Grigory Pasko: The Far Fringes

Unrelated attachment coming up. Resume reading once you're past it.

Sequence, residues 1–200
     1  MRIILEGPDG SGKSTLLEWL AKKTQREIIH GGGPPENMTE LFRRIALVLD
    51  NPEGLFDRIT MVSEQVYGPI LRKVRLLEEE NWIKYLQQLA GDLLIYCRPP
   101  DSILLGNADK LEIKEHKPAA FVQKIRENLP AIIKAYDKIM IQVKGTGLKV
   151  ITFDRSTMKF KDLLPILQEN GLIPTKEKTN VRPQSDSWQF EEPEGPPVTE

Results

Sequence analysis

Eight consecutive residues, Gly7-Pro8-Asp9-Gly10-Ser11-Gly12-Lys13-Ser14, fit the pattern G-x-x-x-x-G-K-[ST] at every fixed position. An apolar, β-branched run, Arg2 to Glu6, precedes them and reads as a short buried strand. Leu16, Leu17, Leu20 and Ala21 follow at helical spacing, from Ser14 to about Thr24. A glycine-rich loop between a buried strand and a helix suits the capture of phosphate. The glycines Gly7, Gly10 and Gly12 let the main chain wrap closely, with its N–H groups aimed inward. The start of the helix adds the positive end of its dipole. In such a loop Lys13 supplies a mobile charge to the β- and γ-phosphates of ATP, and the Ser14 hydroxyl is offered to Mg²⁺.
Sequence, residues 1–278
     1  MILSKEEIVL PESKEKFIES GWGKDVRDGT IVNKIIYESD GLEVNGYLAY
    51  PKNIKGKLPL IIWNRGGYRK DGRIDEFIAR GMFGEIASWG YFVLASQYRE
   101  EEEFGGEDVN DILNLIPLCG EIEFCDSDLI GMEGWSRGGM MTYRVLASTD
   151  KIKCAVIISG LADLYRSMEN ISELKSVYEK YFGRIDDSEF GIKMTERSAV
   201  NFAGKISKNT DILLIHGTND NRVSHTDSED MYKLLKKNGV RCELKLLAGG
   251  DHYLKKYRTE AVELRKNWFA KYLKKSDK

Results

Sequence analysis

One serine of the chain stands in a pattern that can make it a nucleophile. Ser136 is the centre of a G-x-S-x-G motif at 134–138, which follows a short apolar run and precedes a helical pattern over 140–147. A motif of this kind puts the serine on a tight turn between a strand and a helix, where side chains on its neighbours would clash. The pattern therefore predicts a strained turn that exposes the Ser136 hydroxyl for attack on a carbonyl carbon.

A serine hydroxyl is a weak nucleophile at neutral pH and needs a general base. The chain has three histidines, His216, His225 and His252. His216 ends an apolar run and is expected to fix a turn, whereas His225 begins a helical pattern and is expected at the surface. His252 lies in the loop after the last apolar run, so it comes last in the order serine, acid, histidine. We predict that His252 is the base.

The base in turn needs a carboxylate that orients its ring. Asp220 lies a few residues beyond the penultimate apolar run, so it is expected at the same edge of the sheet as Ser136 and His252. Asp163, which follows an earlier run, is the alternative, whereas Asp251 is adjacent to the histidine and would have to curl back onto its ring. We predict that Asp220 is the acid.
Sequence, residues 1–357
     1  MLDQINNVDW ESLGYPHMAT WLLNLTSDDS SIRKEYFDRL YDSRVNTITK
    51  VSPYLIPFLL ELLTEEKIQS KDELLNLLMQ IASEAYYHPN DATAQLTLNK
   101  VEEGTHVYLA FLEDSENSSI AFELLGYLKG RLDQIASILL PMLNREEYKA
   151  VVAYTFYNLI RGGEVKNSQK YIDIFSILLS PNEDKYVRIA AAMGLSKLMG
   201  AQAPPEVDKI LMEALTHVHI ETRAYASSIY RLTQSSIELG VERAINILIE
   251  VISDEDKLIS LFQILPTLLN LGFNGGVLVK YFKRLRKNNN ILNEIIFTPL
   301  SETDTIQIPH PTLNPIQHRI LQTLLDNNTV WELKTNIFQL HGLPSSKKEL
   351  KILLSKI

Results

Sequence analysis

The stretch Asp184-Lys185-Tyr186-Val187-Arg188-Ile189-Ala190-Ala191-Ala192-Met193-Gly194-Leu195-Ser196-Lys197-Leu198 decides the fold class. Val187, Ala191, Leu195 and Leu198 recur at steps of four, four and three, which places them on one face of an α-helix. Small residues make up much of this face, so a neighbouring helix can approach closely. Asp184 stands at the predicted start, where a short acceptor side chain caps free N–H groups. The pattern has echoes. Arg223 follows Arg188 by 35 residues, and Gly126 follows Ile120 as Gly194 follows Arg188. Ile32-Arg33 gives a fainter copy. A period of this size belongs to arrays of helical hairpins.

[Translator’s note: In general, when Russians speak of the “Far East” or use the word “Maritime”, they’re not talking about Japan or Nova Scotia, but about the RUSSIAN Far East, which is historically and culturally somewhat distinct from Siberia. It’s the whole area along the Pacific Coast, including such places as Vladivostok, Khabarovsk, Sakhalin, etc.] Regional update The Far Fringes Grigory Pasko, journalist The Far East must be integrated into Russia, but in its present lamentable state the region represents a “threat to national security”, declared president of Russia Vladimir Putin at a session of the Security Council this past Wednesday. It just so happened that I was in the Far East in the days preceding the session: in the cities of Ussuriysk, Spassk-Dalny, and Vladivostok. vladivostok.jpg What I saw and heard forced me to recall the words of Vladimir Lenin about how the city of Vladivostok may be far away, but it’s still “ours”. That is, the Far East is supposedly “ours”, but many factors suggest that it is breaking further and further away from the central and European parts of Russia. Here are but a few examples of today’s reality on the far fringes. In the central hotel of the city of Ussuriysk, you can watch 5 Russian channels on the TV – and 8 Chinese ones. Why this is so is easy to understand: there are very many Chinese in Ussuriysk, who bring goods here and sell them at the famous market. The entire Maritime region gets its goods at this market. The menu in the restaurant and many signs in the hotel are written in Chinese. The working girls are awaiting Chinese customers. The Chinese drive around in expensive foreign cars. There are also many Koreans in the city. They’ve even built a new Evangelical church – big, beautiful, with solid and expensive furniture. The congregation includes not only Koreans, but Russians as well. I ask a Russian girl named Lena why she became an Evangelical. “It just happened that way,” she says quietly. “But actually, formerly I professed Orthodoxy…” In one of the finer hotels of Vladivostok – the “Versailles” – you can watch an Israeli channel on TV, and a channel in… the Ukrainian language. I asked the manager what had prompted such a choice. He shrugged his shoulders: “I dunno”. I think I do know why nearly all the Maritimers choose Japanese automobiles: the excellent quality of these cars and the good price. Many say: “If a Lada were of the same quality and the same price, we would take the Lada”. At the same time, they point out that none of them believes in the quality of Russian cars in the next few decades. I spoke with the director of the Institute of History, Archaeology, and Ethnography of the Peoples of the Far East, Professor and Doctor of Historical Sciences Viktor Larin. He is convinced that Russia lacks an intelligible and clear foreign policy in this region. Hence the non-stop hysterical shrieking about “Chinese expansion”, and the very real problems with the development of the region and its integration into the economic system of the countries of the Asia-Pacific region. To this ought to be added that the domestic policy of the state with respect to the Far East remains a mystery to many as well. People don’t have the desire to remain in the region. Many are leaving for the western part of the country. Sergey Petrovich, the driver of a private taxi, says: “Look at this road that we’re driving on (Federal Highway M-60 from Vladivostok to Khabarovsk). This is a nightmare, not a road.. And nobody cares”. The road really is a nightmare: potholes, narrow lanes, bad asphalt pavement, a minimum of road signs… My traveling companions and I decided to have breakfast in Spassk-Dalny. The manager of one of the two hotels looked at us suspiciously, then chewed us out and said: “What’s the matter, you don’t got nothing to do or you just looking for someone to talk to? What do you mean ‘breakfast’? – it’s Saturday”. We found out later that you could only get supper in the evening, in only one of the restaurants. With such “trifles”, it’s clear that foreign investments aren’t going to be flowing into the region. At the same time, in Grodekovo, at the railroad station, we saw trainloads of timber being taken to China. And in Pogranichny, crowds of our “shuttlers” bringing consumer goods from the neighbouring country. Everybody’s doing their business at different levels and in different ways. Some by thievery with the collusion of forestry officials. Others through small-scale wholesale trade. Only one thing’s for sure – the government is taking minimal part in this. And if it does start to concern itself with something, then it only makes things worse for people, as has already often been the case with respect to cars with right-side steering wheels. The fact is that specialists estimate that there are around 10 million people in Russia engaged in the right-side steering business. Among these, just owners of such cars alone number in excess of 2 million people. If the government were to prohibit the operation of such cars, it would find that it has acquired millions of active and conscious opponents. They say that a decision has been adopted on the creation in the region of a zone for the gaming business. The session of the Security Council at which it was decided to build a metallurgical plant and gas and oil refining and petrochemical enterprises in the Far East testifies to the fact that the country’s leadership does, after all, understand: without a sensible policy, it may cut off the Far East from the rest of Russia for a long time.